The Sound of Music Live! Spearheaded by NBC chairman Bob Greenblatt , the network positioned the special as being a live television "event". In preparing for the broadcast, Meron and Zadan emphasized the logistical challenges that they would face due to the live aspects of the special, and the fact that The Sound of Music Live! Meron felt that if the telecast were successful, the concept could become "another kind of entertainment that can exist on TV. The production was met with mixed reviews; much of its criticism was directed towards the casting of Carrie Underwood to play Maria, whom critics including the real-life von Trapp family believed was not experienced enough in theatre to portray such an iconic role. While her vocal performance was praised, her acting was described by critics as "amateur", "lifeless" and lacking emotion. The production was a ratings success for NBC; with a total of
All Rights Reserved. The Cast of 'The Sound of Music' tells us their favorite things about fall. The Sound of Music Montage Photo by Matthew Murphy. Jill-Christine Wiley as Maria Rainer.
Today, Columbus no longer exists. In its former building, which now houses five small high schools, a music teacher struggles to fill a single fledgling concert band. Working out of Ms. Between and , New York City closed 69 high schools, most of them large schools with thousands of students, and in their place opened new, smaller schools. Academically, these new schools inarguably serve students better. In , the year before the city began closing Columbus, the school had a graduation rate of 37 percent. In , the five small schools that occupy its former campus had a cumulative graduation rate of 81 percent. But one downside of the new, small schools is that it is much harder for them to offer specialized programs, whether advanced classes, sports teams, or art or music classes, than it was for the large schools that they replaced. In the case of music, a robust program requires a large student body, and the money that comes with it, to offer a sequence of classes that allows students to progress from level to level, ultimately playing in a large ensemble where they will learn a challenging repertoire and get a taste of what it would be like to play in college or professionally.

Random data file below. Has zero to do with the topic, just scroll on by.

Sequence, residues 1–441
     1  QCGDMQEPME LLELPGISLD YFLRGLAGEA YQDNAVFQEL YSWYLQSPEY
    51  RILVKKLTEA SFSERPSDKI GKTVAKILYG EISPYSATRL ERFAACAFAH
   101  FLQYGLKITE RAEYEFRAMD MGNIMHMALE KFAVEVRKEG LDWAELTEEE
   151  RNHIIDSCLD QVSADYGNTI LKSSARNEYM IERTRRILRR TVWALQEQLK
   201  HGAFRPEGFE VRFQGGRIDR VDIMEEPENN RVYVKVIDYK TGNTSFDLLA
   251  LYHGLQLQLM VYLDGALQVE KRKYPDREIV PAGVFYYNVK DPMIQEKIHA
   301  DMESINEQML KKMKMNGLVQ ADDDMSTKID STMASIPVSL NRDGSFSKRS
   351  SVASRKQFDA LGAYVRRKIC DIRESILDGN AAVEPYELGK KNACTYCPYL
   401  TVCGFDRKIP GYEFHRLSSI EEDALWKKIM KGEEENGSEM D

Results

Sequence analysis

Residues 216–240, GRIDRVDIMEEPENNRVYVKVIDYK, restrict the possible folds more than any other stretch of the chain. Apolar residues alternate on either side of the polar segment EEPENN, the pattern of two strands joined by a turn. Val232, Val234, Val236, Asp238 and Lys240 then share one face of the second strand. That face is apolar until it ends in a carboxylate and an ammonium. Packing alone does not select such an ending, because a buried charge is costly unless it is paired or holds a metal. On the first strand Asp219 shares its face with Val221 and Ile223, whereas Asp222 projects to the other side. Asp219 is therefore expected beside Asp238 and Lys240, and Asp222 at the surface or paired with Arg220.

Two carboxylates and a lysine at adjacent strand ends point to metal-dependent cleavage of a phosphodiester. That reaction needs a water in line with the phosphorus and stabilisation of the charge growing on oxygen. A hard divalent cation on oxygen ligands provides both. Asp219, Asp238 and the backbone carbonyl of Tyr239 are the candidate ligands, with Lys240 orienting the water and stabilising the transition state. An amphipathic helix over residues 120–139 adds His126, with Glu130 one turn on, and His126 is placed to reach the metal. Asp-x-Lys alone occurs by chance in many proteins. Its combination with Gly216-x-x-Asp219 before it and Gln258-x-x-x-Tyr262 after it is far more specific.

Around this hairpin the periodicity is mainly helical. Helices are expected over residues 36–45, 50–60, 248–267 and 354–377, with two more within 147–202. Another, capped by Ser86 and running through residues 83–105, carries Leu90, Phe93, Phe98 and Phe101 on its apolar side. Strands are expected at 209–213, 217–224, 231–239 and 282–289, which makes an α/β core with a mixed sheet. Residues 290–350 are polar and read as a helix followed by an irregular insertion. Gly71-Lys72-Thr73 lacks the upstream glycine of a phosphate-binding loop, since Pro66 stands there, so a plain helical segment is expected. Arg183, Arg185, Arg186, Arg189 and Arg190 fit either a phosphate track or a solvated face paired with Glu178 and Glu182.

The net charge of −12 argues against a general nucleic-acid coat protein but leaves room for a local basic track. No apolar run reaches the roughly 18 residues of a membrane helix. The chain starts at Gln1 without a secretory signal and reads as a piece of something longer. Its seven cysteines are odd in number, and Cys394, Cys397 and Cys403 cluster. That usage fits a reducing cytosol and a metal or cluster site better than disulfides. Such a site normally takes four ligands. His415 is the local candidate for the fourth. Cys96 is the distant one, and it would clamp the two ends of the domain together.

Last fall a friend told me a story about Ryuichi Sakamoto, the renowned musician and composer who lives in the West Village. Sakamoto, it seems, so likes a particular Japanese restaurant in Murray Hill, and visits it so often, that he finally had to be straight with the chef: He could not bear the music it played for its patrons. The issue was not so much that the music was loud, but that it was thoughtless. Sakamoto suggested that he could take over the job of choosing it, without pay, if only so he could feel more comfortable eating there. The chef agreed, and so Mr.